Investors should be braced for a series of profit warnings in the final quarter of the year as analysts pare back over-optimistic estimates against the backdrop of a deteriorating economic environment, Smith & Williamson Investment Management’s Mark Swain has said.
Following poor data from major global economies including the US, China and Europe, in particular for manufacturing, a number of companies’ share prices now appear vulnerable in the UK as we near the end of the year.
Swain, who manages the Smith & Williamson Enterprise Fund with co-managers Mark Boucher and Rupert Fleming, expects a number of profit warnings in the final quarter to rock some of the UK’s manufacturers.
“The data that is coming out now in terms of PMIs and other readings means it is likely we will get some big profit warnings in the final quarter of 2019,” he said.
“This is a typical event anyway as optimistic expectations set at the start of the year are revised downwards at year-end, but this year in particular we expect it to be worse given the slowdown from Brexit uncertainty in the background.”
“In terms of those likely to be worst affected, the UK’s manufacturing and industrial sectors have plenty of names which look over-stretched in terms of the valuations they currently command.”
Swain noted some of the companies were still trading on P/E ratios of 25 times or higher.
“Some of these businesses – be they manufacturers, capital goods or industrials – are very highly-rated by investors and if they warn on profits it could be a very sharp de-rating,” he said.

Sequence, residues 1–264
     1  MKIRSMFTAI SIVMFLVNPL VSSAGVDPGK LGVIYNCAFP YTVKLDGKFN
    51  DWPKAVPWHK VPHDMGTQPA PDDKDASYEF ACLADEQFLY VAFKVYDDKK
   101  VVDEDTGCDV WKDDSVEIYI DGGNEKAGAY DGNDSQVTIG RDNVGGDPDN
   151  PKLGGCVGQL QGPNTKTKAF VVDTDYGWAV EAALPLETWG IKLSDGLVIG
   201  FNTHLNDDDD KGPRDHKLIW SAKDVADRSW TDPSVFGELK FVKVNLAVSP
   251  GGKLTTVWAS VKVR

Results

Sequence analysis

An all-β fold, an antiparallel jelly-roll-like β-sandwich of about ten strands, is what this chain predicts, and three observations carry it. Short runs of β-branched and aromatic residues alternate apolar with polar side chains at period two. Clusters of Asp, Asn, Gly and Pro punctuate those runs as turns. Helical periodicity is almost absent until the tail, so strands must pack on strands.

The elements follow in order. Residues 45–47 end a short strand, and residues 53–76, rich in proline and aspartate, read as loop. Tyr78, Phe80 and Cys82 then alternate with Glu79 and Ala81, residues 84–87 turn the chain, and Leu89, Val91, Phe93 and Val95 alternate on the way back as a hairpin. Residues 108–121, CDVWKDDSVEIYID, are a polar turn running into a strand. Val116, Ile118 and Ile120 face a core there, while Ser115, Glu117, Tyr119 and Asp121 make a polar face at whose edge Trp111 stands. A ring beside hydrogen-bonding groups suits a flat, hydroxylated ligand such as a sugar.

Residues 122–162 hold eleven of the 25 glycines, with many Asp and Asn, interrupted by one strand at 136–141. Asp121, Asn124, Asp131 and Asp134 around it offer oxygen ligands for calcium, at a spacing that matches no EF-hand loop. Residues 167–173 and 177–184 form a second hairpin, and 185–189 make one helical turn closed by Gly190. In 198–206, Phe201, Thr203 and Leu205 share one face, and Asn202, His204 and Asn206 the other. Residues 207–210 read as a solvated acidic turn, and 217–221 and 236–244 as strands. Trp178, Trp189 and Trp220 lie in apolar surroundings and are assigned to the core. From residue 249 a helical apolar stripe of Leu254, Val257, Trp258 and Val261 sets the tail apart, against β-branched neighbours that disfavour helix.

“In short, we think there could be some absolute howlers out there, and we think these are the sectors where the pain will really be felt as we move through Q4.”
Some of these shares face a potential double-whammy if they do miss expectations, Swain added, because analysts’ forecasts for next year are yet to be lowered.
“Some estimates have fallen in terms of this year’s final numbers, but forecasts for next year look far too high as it stands. Targets for next year are implying a hockey stick recovery in activity, and we are simply not going to get that.”
On the positive front, Swain added a combination of weak sterling and cash-rich foreign companies with strong balance sheets could lead to a jump in M&A.
“The UK is still home to very good companies, and we expect M&A to be a key theme as a result,” he said.
“There lots of positives from the perspective of overseas buyers, not least their balance sheets, which are generally healthy, and the weak pound. Even at $1.28, the pound is way down on pre-Brexit levels. Quality UK companies are therefore very attractive to overseas buyers now.”